6. You can use System Restore if you want to

7. Windows knows to only defrag HDDs.

8. No. I suggest you keep the default Windows setting.

9. If you mean in Power-Profiles, sure (why not) ... it's a desktop (plugged into the wall).

In my opinion, single best thing you can do to your SSD to increase it's lifespan is to Over-Provision it. Samsung recommends 10% . You do that at very end of drive. I do it to all my SSDs (SATA and NVMe).


Registered Microsoft Partner and Apple Developer
- Like many of you, I can appreciate a good game-engine.
- I answer questions here, but I'm not a Dell employee.
- Consider giving posts you like a "thumbs-up"
- Posting models-numbers and software versions speeds trouble-shooting.
- Click "Accept as Solution" button on any post that answers your question best.
524

Thanks Tesla, I think I'll probably keep the default settings.

497

"In my opinion, single best thing you can do to your SSD to increase it's lifespan is to Over-Provision it. Samsung recommends 10% . You do that at very end of drive. I do it to all my SSDs (SATA and NVMe)."  Tesla thanks for the tip on over provision.  It didn't make it into the top 9 of the article, but googling articles on it, it is highly recommended.  Do youhave anymore tips for the SSDs?

482

I added a second NVMe drive to my 8950 and I had issues with the boot order automatically changing in the BIOS. I switched to AHCI and the problem stopped. If I had not added a second NVMe drive or had any issues, I would have left it how Dell had it set up from the factory. Windows will automatically detect if a SSD or HDD or both are installed and make the appropriate selection as to optimize  (SSD) or defrag (HDD).

362


@Bruce Kurtz wrote:

"In my opinion, single best thing you can do to your SSD to increase it's lifespan is to Over-Provision it. Samsung recommends 10% . You do that at very end of drive. I do it to all my SSDs (SATA and NVMe)." 

Tesla thanks for the tip on over provision.  It didn't make it into the top 9 of the article, but googling articles on it, it is highly recommended.  Do you have anymore tips for the SSDs?


No, not really. I think between the two of us, we have covered just about everything. 


Registered Microsoft Partner and Apple Developer
- Like many of you, I can appreciate a good game-engine.
- I answer questions here, but I'm not a Dell employee.
- Consider giving posts you like a "thumbs-up"
- Posting models-numbers and software versions speeds trouble-shooting.
- Click "Accept as Solution" button on any post that answers your question best.
10 Diamond
557

@Bruce Kurtz 

Do people change to AHCI or go with what Dell sets it at?

Dell default is raid which DOES NOT WORK without F6 pre install drivers. In other words you are asking for trouble.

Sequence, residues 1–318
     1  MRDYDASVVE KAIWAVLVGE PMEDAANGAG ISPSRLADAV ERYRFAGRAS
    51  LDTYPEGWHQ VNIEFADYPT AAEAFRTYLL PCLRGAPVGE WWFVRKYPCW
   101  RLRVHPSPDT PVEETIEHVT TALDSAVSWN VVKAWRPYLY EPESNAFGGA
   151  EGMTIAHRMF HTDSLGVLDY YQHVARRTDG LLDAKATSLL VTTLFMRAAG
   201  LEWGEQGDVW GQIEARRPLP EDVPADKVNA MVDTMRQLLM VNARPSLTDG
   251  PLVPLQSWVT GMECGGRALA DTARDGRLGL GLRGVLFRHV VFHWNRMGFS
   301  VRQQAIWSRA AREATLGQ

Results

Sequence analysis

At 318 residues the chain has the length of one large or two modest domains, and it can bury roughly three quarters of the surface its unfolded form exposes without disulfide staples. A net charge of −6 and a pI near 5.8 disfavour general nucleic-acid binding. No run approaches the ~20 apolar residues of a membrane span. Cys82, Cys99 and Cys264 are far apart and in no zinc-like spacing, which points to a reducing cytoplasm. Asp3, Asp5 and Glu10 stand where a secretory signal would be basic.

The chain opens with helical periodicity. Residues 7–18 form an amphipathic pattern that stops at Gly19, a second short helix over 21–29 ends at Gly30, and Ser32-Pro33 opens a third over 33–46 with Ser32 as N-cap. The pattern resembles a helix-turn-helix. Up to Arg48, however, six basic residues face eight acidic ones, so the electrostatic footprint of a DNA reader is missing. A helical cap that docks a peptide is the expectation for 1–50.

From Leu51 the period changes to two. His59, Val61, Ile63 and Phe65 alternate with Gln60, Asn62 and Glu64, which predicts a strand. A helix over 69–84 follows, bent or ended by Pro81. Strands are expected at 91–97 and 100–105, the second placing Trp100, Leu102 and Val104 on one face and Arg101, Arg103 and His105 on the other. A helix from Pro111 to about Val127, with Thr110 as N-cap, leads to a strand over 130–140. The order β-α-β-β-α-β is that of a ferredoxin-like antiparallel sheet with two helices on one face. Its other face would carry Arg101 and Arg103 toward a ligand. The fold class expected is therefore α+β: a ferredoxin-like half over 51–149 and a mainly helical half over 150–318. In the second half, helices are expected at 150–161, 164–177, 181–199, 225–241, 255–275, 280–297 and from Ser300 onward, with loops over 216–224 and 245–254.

Do people use system restore on the newer SSDs?

Cache, Error Logs, Indexing, Hibernate, System Restore, Page File all write to the SSD So these are ALL BAD to have on.

Do people keep Windows Defrag on?

Some do leave it on and find that their SSD dies in a few weeks having been WRITTEN TO DEATH by defrag.  Should always Be OFF IMHO for SSD.

 


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524

“Dell default is raid which DOES NOT WORK without F6 pre install drivers. In other words you are asking for trouble.”  I assume Dell loads all the appropriate drivers before it leaves the building.  I don’t really want to change this, so what ever Dell sets it to, I’m ok with that.

 

Do people use system restore on the newer SSDs?

“Cache, Error Logs, Indexing, Hibernate, System Restore, Page File all write to the SSD So these are ALL BAD to have on.”  I’ll have to do some more research on system restore before I make a decision.

Thanks for ideas!

 

510

@Bruce Kurtz 

" I assume Dell loads all the appropriate drivers before it leaves the building." dell doesnt put said drivers on new blank hard disks and windows doesn't support installing without those drivers.

F6 drivers are PRE windows install drivers. They MUST be used if you use default RAID on.

this is Neither intuitive or easy.

So AHCI is always better. 


How to Install the RAID Storage Controller (F6) Driver During the Windows Installation Setup Process

https://www.dell.com/support/kbdoc/en-us/000148150/

NO Drives FoundNO Drives Found

 


Report Unresolved Customer Service Issues
here

I do not work for Dell. I too am a user.

The forum is primarily user to user, with Dell employees moderating
Contact USA Technical Support


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DEFRAG only relates to spinners, and is the process where portions of files are relocated to be sequential for faster access. Windows cannot DEFRAG an SSD because the concept makes no sense at all for digital storage.

TRIM is the process on an SSD where the micro-controller resets a block to the unused state, allowing for faster future writes.